I sat down on a log from a fallen tree, my legs splayed out and the sun bathing my feet. The guards took us down to Slater Lake at the end of each month as positive reinforcement for not acting up. Those who did act up stayed at the base, cleaning up after the humans. I had heard whispers from the guards that this place was known publicly as an employee recreation area/missile testing grounds. I watched the young play in the lake up ahead, their carefree expressions. They didn’t understand yet how wrong being down here felt. We were being rewarded for letting them test us, confine us, and overall treat us like cattle. Then there was that name the employees called us, Alien. We could not be described by any catch-all term. ‘I prefer Virtuenaut, actually,’ I had responded once at ten human years old. I received a slap in the face and no dinner that night, negative reinforcement for talking back. I wasn’t even fully Virtuenaut. I had been trying to make it easier on the guard, providing him with a simple, half-right term as opposed to such a vague one.
“‘Sup Jes,” Officer Lennon Grant said, one hand resting in his pocket and the other holding up a semi-large gun. He moved to sit on the log next to me. Grant was the only officer who respected the Virtuenaut naming system. All the other officers insisted on using my full, seven letter informal name as opposed to my three letter formal one. “You never join them.” He gestured towards the others with his gun. Grant turned his head to me. “Why is that?”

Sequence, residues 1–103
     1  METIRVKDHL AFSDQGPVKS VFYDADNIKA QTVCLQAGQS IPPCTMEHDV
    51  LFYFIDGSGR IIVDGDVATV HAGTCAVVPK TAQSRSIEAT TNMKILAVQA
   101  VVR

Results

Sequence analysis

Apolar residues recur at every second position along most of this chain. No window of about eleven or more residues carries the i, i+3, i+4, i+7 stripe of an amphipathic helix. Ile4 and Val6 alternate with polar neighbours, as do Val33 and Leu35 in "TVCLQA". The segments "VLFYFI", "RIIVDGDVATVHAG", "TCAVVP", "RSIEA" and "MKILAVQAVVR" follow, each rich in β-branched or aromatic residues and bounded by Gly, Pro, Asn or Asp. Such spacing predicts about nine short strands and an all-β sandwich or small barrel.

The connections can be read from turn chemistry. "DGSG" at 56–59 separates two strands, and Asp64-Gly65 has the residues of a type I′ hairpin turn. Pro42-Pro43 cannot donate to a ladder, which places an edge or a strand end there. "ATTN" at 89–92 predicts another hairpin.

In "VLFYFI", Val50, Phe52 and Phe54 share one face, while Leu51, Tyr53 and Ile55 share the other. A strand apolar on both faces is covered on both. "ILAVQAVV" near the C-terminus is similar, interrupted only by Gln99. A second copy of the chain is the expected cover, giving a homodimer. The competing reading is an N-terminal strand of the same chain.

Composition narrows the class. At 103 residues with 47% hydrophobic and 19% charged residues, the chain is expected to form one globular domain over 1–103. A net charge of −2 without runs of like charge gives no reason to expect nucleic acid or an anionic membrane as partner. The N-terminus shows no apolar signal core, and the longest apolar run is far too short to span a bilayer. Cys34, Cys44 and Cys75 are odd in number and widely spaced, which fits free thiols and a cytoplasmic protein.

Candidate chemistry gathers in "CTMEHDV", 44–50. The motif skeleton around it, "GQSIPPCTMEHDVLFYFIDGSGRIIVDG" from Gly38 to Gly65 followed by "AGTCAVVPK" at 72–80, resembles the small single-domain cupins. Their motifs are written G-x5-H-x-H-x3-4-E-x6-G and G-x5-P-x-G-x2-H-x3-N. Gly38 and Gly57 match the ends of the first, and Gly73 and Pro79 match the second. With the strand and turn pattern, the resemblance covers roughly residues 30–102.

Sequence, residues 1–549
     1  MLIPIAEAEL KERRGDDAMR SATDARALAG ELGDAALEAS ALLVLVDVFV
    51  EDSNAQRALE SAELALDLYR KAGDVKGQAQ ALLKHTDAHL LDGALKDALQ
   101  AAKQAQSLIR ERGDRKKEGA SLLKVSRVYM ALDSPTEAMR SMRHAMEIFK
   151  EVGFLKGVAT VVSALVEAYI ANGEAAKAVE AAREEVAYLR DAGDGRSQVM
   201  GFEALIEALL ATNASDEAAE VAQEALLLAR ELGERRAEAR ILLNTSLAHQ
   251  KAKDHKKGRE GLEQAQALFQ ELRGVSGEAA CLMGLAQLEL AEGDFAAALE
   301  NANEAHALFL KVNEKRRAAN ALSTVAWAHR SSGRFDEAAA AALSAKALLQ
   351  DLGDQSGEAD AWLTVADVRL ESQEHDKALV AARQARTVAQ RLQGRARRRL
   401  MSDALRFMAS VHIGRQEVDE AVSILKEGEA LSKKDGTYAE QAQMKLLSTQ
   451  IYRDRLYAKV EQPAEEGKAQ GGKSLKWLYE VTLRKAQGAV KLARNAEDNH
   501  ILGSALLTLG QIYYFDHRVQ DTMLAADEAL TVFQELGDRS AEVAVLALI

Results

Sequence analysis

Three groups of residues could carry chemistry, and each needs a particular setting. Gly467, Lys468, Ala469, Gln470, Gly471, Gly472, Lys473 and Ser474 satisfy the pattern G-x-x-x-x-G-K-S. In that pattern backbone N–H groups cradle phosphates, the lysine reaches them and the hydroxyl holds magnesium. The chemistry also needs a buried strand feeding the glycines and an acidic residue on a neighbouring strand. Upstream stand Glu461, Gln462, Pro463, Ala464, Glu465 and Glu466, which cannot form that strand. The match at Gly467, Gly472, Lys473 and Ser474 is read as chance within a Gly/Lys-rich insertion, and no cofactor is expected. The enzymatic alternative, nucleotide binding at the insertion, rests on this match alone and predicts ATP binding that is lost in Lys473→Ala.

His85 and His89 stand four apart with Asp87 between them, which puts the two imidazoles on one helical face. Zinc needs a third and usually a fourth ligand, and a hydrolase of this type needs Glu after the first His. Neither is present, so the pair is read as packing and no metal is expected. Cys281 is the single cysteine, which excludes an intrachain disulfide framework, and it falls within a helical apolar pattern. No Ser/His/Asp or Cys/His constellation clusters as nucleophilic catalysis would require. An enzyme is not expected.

“I prefer the shade,” I lied, voice low and tone compliant. I couldn’t tell whether I was mocking the cookie cutter they wanted us to fit in or actually falling into it.
“I know that’s not true,” Grant responded, reaching his hand out of his pocket and placing it over mine. I didn’t pull away.
“We can’t keep doing this,” I whispered, eyes darting around the lake to make sure no one could see us.
“If we get caught. Until then, we can absolutely keep doing this.” Lennon wrapped his hand around mine, standing up and guiding me farther from the group. We settled behind a large tree, away from the eyes of the other guards. I looked up at him.
“What is ‘this’ exactly, officer?” I smiled up at him, tip-toeing closer. Lennon looked down at me.
“I think it’s less about what we actually are, and more about what we wish we were.”
Lennon placed a hand on the back of my neck. When we kissed it felt for a second like we had nothing to hide and nothing to hide from. He was right, I didn’t prefer the shade, but I needed it to survive.